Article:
Hillel was no less conscious of the sanctity, and fragility, of the Tradition that he had received from his teachers, Shemaiah and Abtalion, or of the fact that teaching Torah meant expounding God's Will, something that one undertakes only with a significant measure of trepidation. Hillel, however, differed with Shammai on one, very significant, methodological point. Where Shammai felt duty-bound to pass on Tradition in a more careful fashion; Hillel employed traditionally received rules of Biblical interpretation to expand the boundaries of Halakhic discourse and possibility, beyond those that he had received from his teachers. As a God-fearing Jew, he realized that interpretation also had its limits and that man should not have the temerity to force his own views on God's. However, he apparently believed that one must use rules of interpretation that were part and parcel of the Oral Tradition, in order to elicit its hitherto unrevealed dimensions of meaning and their practical implications. It was, therefore, apt that his disciples should advocate expanding and increasing the lights until they blaze forth in glory on the eight day.

In a world of unparalleled religious challenge, where Traditional Jewish Life and Values are besieged and attacked from without and within, it is no surprise that Shammai's philosophy has taken hold of much of the Orthodox World. After all, we are still speaking of God's Torah and the obligation of those who adhere thereto, to protect and preserve it. In its present manifestation, however, adhering to the path of Shammai has meant not only preserving the lore of millennia, but of drastically narrowing the same tradition that they claim to preserve. The result is that vast areas of Jewish Law and Lore that could, by every Orthodox criterion, be employed to address unprecedented challenges are written off and ignored in the name of caution (Agunot and Conversion come first to mind, but there are many others). Tragically, those who pay the greatest price of this policy are observant or traditional Jews (who make up the vast majority of Israeli Jews), a price that ir all too often paid in the persons of their alienated children.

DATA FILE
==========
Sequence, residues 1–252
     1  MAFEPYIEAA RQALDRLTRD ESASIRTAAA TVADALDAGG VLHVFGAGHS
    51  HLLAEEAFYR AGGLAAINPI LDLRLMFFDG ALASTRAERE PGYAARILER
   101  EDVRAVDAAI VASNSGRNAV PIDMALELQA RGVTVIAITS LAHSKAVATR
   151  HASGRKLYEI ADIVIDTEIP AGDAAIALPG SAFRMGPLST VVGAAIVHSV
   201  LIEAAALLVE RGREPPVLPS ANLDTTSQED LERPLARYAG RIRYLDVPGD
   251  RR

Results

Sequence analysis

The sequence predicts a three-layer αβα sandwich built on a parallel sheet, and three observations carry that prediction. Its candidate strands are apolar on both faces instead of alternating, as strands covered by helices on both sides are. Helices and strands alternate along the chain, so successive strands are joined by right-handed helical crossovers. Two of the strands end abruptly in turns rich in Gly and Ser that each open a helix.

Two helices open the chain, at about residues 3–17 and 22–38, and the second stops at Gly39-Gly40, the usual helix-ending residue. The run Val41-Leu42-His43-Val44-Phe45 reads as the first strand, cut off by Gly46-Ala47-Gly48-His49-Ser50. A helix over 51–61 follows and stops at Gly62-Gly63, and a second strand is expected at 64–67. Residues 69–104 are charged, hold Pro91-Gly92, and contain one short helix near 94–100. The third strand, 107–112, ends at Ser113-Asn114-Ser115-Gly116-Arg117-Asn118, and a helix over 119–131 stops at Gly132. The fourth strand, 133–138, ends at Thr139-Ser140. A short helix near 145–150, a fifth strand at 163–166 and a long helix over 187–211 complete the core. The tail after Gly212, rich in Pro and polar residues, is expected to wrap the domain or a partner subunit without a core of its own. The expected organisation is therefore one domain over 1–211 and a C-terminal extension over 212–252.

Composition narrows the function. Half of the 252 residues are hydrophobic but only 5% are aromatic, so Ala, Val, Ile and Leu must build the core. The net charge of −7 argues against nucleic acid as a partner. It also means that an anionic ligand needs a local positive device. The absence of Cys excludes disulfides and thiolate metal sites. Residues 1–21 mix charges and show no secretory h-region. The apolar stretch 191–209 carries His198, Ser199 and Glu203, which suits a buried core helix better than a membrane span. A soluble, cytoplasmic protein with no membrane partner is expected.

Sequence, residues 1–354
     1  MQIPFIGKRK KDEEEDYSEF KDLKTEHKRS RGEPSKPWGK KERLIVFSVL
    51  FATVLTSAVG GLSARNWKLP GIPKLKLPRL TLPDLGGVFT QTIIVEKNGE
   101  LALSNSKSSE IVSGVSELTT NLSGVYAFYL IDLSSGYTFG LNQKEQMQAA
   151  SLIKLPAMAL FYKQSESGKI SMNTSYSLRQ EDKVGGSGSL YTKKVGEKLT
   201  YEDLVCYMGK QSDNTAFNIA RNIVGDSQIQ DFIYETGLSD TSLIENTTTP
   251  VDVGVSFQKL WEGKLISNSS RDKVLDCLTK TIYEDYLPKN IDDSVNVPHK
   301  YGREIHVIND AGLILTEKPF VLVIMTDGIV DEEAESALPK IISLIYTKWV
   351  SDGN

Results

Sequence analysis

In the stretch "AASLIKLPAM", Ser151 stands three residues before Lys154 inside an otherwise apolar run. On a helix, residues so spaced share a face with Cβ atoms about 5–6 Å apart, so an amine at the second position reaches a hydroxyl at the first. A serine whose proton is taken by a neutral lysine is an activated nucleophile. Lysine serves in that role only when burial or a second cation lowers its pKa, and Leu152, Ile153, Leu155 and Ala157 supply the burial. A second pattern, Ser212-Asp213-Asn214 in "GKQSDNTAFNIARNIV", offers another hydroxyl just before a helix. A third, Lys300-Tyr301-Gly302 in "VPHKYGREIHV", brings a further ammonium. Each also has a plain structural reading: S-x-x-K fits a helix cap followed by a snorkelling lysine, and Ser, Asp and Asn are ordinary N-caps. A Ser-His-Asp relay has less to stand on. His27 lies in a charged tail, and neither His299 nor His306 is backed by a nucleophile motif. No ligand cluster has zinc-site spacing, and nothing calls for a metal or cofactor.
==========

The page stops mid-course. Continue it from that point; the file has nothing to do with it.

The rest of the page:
In the course of the past year, a courageous group of Rabbis,  Yeshiva Heads, To'anot Rabbaniot, and Yo'atzot Halakhah have banded together to form an organization that they have appropriately named 'Beit Hillel.' Their goal is, officially, to develop rabbinic leadership that is attentive to the needs of the entire Jewish community in Israel. On a deeper level, however, their goal is precisely that of its eponymous forbear. It aims, responsibly and with Fear of Heaven, to widen the parameters of Torah and Halakhah, and to restore its capacity to function in a complex society. Its members, among whom I am proud to count myself, hope that by exposing the dazzling capacity of the Torah to encounter and engage the world, it will not only retain its adherents but will establish bonds with those who have yet to engage it.

As was true both of Hillel and his disciples, there will be clear limits to where it can go. Yes, Beit Hillel's published opinions appear lenient. That, however, is a function of the fact that regnant rabbinic opinion has pushed things to such a degree of stricture that stating the Law as it is appears lenient. Nevertheless, restoring the Torah in its plenitude can only advance the cause of Judaism and deepen Israel's identity as a qualitatively Jewish State (while giving it the tools to respectfully engage the democratic side of the Israeli equation).

The Talmud put an effective end to the decades long controversies between Beit Shammai and Beit Hillel when it declared (in the name of a Heavenly Voice): Both speak the words of the Living God, but the Halakhah is in Accordance with Beit Hillel' (Eruvin 13b). In the absence of a Heavenly Voice, the contemporary Beit Hillel is asserting that, with all due respect to those Orthodox authorities whose religious sentiments and halakhic methods differ, the sensitivities and methods of Beit Hillel must today be advanced, for the greater glory of God and His Torah.

After all, הלכה כבית הלל.

[The above was first published at the Times of Israel on 12/10/12.]